To provide very stable beam currents without any pronounced time structures as well as high beam quality an Electron Cyclotron Resonance Ion Source (ECRIS) is used for the production of 12C4+ and 16O6+ ions (ECRIS 1 in FIG. 1 and FIG. 2). For the production of proton and helium beams two different ion source types can be used. Either an ECR ion source of the same type as used for the production of the high-LET ion beams will be applied here as well (ECRIS 2 in FIG. 1 and FIG. 2) or a special low-cost, compact, high brilliance filament ion source may be used.
In case of an ECR ion source, molecular H2 + ions will be produced in the ion source and used for acceleration in the linac. In case of the filament source, H3 + ions are proposed, providing the same mass-to-charge ratio of A/q=3 as of the 12C4+ ions. For production of the helium beam, 3He1+ ions will be extracted from the source in both cases. To avoid contaminations of the beam with other light ions produced simultaneously in the ion source, 3He is proposed instead of 4He.
The maximum beam intensities discussed for the synchrotron are about 109 C6+ ions per spill at the patient. Assuming a multi-turn injection scheme using 15 turns at 7 MeV/u, a bunch train of about 25 μm length delivered by the LINAC is injected into the synchrotron. Taking into account beam losses in the synchrotron injection line, the synchrotron and the high energy beam line, this corresponds to a LINAC output current of about 100 eμA C6+. Considering further beam losses in the LEBT, the LINAC and the stripper foil, a minimum C4+ current of about 130 eμA extracted out of the ion source is required. The minimum ion currents required for all ion species discussed here are listed in Table 2 (called Imin).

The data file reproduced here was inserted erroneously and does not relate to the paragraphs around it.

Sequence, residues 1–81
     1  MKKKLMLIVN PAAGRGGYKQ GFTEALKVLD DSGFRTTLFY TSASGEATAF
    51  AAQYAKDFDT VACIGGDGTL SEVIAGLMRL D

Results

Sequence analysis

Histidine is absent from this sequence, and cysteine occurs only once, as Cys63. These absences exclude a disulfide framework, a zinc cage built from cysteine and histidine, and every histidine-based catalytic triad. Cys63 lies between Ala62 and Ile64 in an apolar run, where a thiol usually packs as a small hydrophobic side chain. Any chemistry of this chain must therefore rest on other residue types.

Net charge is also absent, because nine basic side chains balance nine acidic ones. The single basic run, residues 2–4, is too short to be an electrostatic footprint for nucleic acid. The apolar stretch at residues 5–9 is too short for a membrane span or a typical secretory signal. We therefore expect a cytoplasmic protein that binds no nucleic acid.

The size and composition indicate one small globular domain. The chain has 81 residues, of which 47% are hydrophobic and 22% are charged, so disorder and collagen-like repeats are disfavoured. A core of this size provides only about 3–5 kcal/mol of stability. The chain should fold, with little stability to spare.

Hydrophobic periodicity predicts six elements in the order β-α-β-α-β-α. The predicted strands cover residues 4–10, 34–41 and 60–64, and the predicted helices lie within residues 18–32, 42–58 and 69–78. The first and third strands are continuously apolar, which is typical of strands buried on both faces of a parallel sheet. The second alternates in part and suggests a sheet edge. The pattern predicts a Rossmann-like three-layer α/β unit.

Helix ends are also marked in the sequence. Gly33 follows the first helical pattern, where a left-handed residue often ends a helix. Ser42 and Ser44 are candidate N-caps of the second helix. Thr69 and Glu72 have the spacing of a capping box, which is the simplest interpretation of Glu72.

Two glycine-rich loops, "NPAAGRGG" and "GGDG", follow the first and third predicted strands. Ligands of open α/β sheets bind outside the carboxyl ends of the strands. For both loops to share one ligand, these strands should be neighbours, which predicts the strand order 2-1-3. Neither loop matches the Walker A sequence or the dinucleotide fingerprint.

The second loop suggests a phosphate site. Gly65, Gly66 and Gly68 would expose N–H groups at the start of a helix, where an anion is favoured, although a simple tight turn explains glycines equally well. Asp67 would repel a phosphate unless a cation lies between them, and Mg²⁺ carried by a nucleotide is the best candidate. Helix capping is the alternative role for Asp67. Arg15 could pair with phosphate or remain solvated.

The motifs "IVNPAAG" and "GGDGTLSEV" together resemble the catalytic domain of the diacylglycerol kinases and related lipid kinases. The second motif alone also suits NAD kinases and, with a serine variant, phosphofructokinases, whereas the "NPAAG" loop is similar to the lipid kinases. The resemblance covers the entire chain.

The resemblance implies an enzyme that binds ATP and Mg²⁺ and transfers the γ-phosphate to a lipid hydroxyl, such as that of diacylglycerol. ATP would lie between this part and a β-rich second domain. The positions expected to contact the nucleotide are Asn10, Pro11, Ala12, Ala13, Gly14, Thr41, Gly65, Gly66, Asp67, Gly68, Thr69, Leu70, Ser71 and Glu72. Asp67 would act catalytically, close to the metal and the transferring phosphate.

However, the ion sources taken into consideration should be tested with an ion current including a safety margin of at least 50%. These values are called Isafe in Table 2 and range between 150 eμA for 16O6+ and 1 emA for H2+. For the sake of stability, DC operation is proposed for the ECR ion sources.
shows parameters for extraction voltages and ion
currents extracted out of the ion sources of the present
invention for different ion species.
For the extraction system, a diode extraction system consisting of a fixed plasma electrode and a single moveable extraction electrode is proposed for the ECR ion sources. The extraction voltages Uext necessary for a beam energy of 8 keV/u are also listed in Table 2. In case of 12C4+ and 3He1+ extraction voltages of 24 kV are required. In case of a proton beam delivered directly from the ion source, the required extraction voltage of 8 kV would be rather small to achieve a proton current of 2 mA. Furthermore, significant space-charge problems have to be handled within the low-energy beam transport line and the RFQ accelerator in such a case. Hence, the production and acceleration of molecular H2 + and H3 + ions, respectively, is proposed.
The independent first and second electron cyclotron resonance ion sources (ECRIS1 and ECRIS2) provide a very well suited solution for an injector linac installed at a hospital, the magnetic fields are provided exclusively by permanent magnets. This has the large advantage that no electric coils are required, which would have a very large power consumption of up to about 120 kW per ion source. In addition to the large power consumption, the coils have the disadvantage to need an additional high-pressure (15 bar) water cooling cycle, which is not as safe as the permanent magnet ion sources of the present invention. Both aspects have the advantage to reduce the operating costs and increase the reliability of the present system.
The main parameters of a suitable high-performance permanent magnet ECRIS of a 14,5 GHz SUPERNANOGAM are listed in Table 3, and are compared to the data of two ECR ion sources using electric coils, which are the ECR4-M (HYPERNANOGAN) and the 10 GHz NIRS-ECR used for routine production of 12C4+ beams for patient irradiation at HIMAC and at Hyogo Ion Beam Medical Center.
For SUPERNANOGAN, the plasma confinement is ensured by a minimum-B magnetic structure with magnetic parameters quite close to the ECR4-M ones, but with a reduced length of the magnetic mirror (about 145 mm instead of 190 mm) and a smaller diameter of the plasma chamber (44 mm instead of 66 mm). The maximum axial mirror-fields are 1.2 T at injection and 0.9 T at extraction. The weight of the FeNdB permanent magnets amount to roughly 120 kg, the diameter of the magnet body is 380 mm and its length is 324 mm.